Medication: If your allergies aren’t too severe, you may get by on just taking a daily allergy medication until your body becomes more resistant to your cat’s dander. Allergy medications cost roughly $2 per day, and can save you from sneezing, itchy eyes, and other symptoms of allergies. If your allergies don’t get better after a month of taking allergy medication, you should consult your doctor.

Adopting “hypoallergenic” breeds: No cat breeds are completely void of allergens; in this case “hypoallergenic” refers to cats that produce fewer allergens. You may find these types of cats with a breeder, or can keep an eye out at your local animal shelter for one.
Breeds that are considered hypoallergenic include:
Balinese
Oriental Shorthair
Javanese
Devon Rex
Cornish Rex
Siberian
Sphinx

And now for some solutions for those of you who have more extreme allergies with symptoms such as hives, non-stop sneezing, and closing of the throat. If you have terrible allergies, you can look into:

doctor explaining diagnosis to his female patientAllergy test: You may want to get an allergy test done by a professional allergist to be sure that your allergies are from the cat and not another source, such as pollen or dust mites. Your general doctor can help recommend you an allergist in your area. An allergy test consists of a quick skin-prick test. A small amount of cat allergen will be placed on your skin, and then the skin is pricked with a sterile probe or needle that will allow the allergen to get under your skin. You will then be monitored for a reaction, whether it be sneezing, coughing, or swelling/redness of the skin. The test only takes 15 to 20 minutes, and can help you make the decision to look into immunotherapy or not.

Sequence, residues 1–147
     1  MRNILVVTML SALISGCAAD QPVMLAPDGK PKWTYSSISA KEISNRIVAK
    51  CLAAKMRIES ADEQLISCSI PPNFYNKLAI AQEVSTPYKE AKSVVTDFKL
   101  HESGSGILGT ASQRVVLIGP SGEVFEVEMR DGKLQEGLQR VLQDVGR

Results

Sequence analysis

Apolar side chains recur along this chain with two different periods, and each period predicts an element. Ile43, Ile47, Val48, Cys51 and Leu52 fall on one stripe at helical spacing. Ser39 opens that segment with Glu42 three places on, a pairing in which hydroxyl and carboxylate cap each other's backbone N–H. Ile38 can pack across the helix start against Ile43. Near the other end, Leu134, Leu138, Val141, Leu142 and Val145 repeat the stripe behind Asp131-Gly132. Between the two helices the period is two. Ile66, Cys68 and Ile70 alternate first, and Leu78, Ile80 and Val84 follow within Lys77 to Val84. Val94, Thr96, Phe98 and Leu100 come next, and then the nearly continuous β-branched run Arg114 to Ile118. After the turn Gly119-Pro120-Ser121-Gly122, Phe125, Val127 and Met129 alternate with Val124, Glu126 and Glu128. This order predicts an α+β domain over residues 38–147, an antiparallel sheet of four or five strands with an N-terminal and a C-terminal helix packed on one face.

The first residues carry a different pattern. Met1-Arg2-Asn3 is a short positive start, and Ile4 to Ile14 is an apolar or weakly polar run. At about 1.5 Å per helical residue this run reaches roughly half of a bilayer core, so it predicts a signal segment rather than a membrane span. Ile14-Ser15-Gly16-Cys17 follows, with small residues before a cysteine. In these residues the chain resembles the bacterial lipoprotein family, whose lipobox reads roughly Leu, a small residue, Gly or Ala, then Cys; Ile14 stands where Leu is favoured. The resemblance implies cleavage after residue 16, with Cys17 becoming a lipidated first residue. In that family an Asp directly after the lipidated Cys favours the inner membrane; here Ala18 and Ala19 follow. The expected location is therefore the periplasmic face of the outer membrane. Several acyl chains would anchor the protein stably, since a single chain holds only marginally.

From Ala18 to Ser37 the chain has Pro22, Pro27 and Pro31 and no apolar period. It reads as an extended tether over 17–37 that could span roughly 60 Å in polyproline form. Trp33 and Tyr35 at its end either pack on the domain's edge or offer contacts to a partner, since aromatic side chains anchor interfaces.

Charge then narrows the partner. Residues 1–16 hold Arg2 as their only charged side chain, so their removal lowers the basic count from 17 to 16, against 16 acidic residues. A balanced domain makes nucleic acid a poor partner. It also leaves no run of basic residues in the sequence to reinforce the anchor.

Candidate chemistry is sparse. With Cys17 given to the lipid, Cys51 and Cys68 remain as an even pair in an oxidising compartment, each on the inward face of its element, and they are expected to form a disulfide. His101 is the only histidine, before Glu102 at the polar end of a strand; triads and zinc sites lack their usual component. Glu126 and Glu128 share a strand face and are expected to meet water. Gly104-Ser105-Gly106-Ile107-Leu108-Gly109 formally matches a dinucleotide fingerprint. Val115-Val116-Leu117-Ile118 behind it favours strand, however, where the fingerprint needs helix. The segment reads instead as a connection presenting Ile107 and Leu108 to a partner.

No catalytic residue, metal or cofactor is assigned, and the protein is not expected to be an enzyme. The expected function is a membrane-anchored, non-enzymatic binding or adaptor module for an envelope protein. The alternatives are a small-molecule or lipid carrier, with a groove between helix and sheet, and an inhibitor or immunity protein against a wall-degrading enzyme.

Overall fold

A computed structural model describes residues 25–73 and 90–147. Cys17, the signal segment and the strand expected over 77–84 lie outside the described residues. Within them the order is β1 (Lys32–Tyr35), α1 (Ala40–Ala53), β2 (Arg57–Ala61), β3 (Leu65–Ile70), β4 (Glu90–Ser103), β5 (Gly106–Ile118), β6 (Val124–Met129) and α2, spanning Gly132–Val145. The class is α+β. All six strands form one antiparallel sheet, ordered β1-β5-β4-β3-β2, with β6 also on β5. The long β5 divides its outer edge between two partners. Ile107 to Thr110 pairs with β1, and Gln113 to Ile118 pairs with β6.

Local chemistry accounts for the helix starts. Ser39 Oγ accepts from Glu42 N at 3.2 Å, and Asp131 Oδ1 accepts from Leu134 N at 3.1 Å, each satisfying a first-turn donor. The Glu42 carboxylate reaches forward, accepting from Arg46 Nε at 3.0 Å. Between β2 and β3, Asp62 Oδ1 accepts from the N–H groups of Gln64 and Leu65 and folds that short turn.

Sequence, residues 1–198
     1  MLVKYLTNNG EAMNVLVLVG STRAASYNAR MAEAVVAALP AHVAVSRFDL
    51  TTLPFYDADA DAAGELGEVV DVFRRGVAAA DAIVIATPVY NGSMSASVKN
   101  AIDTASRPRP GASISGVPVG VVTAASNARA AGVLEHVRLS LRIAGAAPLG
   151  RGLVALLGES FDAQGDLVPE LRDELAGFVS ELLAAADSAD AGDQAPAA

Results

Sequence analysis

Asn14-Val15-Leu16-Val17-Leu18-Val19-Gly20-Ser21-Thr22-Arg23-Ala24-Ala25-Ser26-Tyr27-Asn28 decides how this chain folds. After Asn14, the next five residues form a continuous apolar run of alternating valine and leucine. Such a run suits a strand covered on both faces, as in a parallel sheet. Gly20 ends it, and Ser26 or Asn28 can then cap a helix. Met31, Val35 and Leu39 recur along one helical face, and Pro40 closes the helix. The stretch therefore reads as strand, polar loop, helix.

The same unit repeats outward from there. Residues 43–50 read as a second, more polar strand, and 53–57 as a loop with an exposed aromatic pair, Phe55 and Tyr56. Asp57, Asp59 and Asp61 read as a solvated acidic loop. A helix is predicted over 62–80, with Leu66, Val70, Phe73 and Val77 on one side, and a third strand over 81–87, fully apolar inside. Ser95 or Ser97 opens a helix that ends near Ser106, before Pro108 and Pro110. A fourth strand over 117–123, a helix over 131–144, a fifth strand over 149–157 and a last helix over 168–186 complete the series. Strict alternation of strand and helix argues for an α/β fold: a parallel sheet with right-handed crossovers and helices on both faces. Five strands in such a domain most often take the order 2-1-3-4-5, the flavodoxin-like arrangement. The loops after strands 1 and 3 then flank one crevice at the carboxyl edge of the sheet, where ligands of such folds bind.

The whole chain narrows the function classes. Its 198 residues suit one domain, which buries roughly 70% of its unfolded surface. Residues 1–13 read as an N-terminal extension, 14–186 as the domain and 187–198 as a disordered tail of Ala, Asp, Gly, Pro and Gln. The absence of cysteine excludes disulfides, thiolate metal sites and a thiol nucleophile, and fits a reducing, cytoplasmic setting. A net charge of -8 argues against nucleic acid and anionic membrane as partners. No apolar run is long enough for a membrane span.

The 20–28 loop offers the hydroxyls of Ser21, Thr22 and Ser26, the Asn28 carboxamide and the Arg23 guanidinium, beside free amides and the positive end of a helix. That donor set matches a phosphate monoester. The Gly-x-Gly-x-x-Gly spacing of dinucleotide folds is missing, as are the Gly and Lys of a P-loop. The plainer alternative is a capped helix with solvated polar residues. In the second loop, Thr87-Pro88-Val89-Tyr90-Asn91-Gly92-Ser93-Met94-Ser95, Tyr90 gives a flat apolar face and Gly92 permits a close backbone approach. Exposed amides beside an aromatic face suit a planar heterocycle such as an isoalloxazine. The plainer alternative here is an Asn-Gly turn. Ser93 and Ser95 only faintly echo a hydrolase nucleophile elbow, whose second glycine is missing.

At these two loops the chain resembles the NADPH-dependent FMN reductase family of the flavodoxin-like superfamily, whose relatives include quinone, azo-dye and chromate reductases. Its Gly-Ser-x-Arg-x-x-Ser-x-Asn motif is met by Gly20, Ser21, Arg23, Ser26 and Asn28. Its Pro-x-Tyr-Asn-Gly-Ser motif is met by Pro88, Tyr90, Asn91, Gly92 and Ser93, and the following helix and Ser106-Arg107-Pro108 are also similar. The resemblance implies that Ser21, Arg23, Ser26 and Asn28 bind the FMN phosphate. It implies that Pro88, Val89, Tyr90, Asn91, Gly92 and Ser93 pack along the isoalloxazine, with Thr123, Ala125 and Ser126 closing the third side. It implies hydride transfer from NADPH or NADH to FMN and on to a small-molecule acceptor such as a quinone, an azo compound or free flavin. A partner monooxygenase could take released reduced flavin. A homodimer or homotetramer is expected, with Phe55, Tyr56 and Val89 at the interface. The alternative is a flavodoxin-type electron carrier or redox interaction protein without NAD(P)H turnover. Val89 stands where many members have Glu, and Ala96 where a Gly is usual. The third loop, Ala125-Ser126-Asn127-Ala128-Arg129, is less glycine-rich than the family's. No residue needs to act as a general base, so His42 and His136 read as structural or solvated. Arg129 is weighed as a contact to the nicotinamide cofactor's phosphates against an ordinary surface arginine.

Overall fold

Immunotherapy: Immunotherapy refers to the practice of getting injections intended to reduce your body’s reaction to certain allergens. Similar to a vaccine, you will be injected with gradually increasing doses of the allergen that you are trying to combat. Your body will get to know the allergen better, and reduce the allergic reaction. Treatment typically starts with doses once or twice a week for a few months, and eventually will lower down to once a month for a few years. Although this may be a more costly solution, it could potentially rid you of your allergies forever. If you try immunotherapy and there are no changes after a year, your doctor will likely recommend other solutions.

Foster before adopting: If you’ve gone through the processes of getting an allergy test and immunotherapy and feel ready to begin your cat journey, you may want to try fostering before adoption. You can look for one of the breeds mentioned previously that are supposed to be less allergenic, or “hypoallergenic,” and try fostering them before committing to adoption. This way, you can see first-hand how you and your body will react to the cat without the long-term commitment of officially adopting. If you have a reaction to one cat, you can adopt them out or return them to the shelter and try out a different breed. Fostering is ethical and helps to ensure that you and your pet will live in harmony.

Cat allergies are no laughing matter, but there are many ways to work around them. If you are dying to get a cat, but suffer with cat allergies, don’t give up hope. The time, work, and patience that it takes to find the perfect cat for your home will all be worth it in the end.